A Grand Journey

A Grand Journey by Alina Gonzalez Voyage YA

I should be sitting in first period precalculus right now, filling out a unit circle or something. Instead, I’m sitting beside my grandfather behind the wheel of my father’s stolen car, bound for the Grand Canyon.

My grandfather moved in last week. I can’t have said more than a total of twenty words to him in that time. We’ve never really been close. He used to live halfway across the country, amid the cornfields where my dad grew up and swore he’d never return; now he’s sleeping in my room because the only other unoccupied bed in the house is the pull-out in the living room, and I’m the only one with bones young and spry enough to survive more than one night in it.

I’m trying to “be a good sport,” like my parents keep saying, because they’re clearly stressed about his impromptu stay despite how quietly they thought they were arguing last night. They won’t divulge all the details, but from what I can glean, my grandfather ran into money trouble and got kicked out of some retirement home. Now my dad rolls his wheelchair up to the breakfast table each morning and leaves us to suffocate beneath a blanket of awkward silence until the school bus comes to my rescue.

He tells me to call him Bill, but that feels weird, and so does “Grandpa,” so I don’t call him anything. But it’s kind of hard to politely ignore someone who’s sitting two feet away from you.

It’s even harder in a car. There are over 300 miles and many more hours to go.

“School will still be here tomorrow,” he’d said when I tried to tell him why this random road trip is definitely not a good idea. “I might not be.”

He doesn’t seem to care that it’s a Tuesday, or that I barely passed my permit test last summer and since then have only driven to the grocery store a mile from my house, or that my dad is going to have a heart attack when he wakes up to a half-empty garage and a hastily-scrawled apology note on the counter.

“I’m his father,” my grandfather says. “He can’t punish me.” I’m not so sure about that.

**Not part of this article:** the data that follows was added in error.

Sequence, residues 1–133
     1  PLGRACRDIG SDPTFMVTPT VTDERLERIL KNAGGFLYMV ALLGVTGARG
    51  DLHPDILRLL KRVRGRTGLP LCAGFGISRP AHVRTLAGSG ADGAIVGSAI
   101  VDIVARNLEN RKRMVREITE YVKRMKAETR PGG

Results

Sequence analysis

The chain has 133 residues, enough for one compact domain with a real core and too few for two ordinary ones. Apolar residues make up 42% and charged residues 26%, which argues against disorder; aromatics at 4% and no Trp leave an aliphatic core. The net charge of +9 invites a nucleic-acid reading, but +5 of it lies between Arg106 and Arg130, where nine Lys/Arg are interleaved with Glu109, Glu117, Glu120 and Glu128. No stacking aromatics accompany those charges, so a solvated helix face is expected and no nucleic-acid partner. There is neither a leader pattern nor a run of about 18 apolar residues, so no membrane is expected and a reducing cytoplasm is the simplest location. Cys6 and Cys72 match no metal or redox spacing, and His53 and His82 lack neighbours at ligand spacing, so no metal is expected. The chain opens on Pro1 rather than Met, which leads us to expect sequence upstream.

We haven’t even left the city limits when my phone starts to vibrate in the center console.

“It’s Dad,” I say without looking at it.

“Do you want me to answer it?” my grandfather—Grandpa—Bill?—asks.

“Do you want to get chewed out?”

He laughs for the first time since I’ve met him. It’s a nice laugh, warm and rough around the edges. “I think I can handle it.”

I can’t.

The ringing stops, only to immediately start up again.

I can feel my grandfather’s eyes on me. “Are you afraid of him?”

I shake my head. My parents rarely even raise their voices at me. I rarely give them a reason to. “Just afraid of disappointing him.”

“It’s gonna happen sooner or later. That’s life, my dear.”

“I prefer later.” Considering who got us into this predicament, I don’t think he’s in a position to be giving lectures.

“Hey, you’re assisting the elderly,” he says. “Who can be mad at you for that?”

A giggle pushes its way past the lump of anxiety stuck in my throat and bursts from my lips.

“Besides,” he continues, “it’s not like your father was a saint when he was your age.”

My phone continues to vibrate between us.

“Well, if you’re not going to answer it, can I turn it off?” he asks.

“Please.”

He does, fumbling for the right button for a minute, and tosses it into the backseat for good measure. Then, for the next few hours, he regales me with stories of my father’s teenage antics, and I comfort myself with the knowledge that at least I never drunkenly broke the kitchen window trying to sneak back inside after a night of debauchery.

*

We stop for gas in the middle of nowhere, and I don’t realize how hard I’ve been gripping the steering wheel until I let go and my fingers cramp up. I try not to wince when my grandfather squeezes my hand too hard as I’m helping him out of the car. He goes inside to get snacks—“We need fuel too!”—while I stay to fill the tank. I’m embarrassed to say how long it takes me to figure out the gas pump.

When my grandfather returns, he drops a bag of Cheetos into my lap. “Kids like these, right?”

I convince him to try one for the first time, and he proceeds to hog the entire bag. Which is fine, because I’m a bad enough driver when I have both hands on the wheel, though he assures me several times that I’m doing great. I think we have different definitions of “great.” But if his is “refusing to go above the speed limit, leaving the blinker on for two miles, and jumping the curb when both entering and exiting the gas station,” then I’m the greatest driver alive. At the very least, I get us to the Grand Canyon in one piece.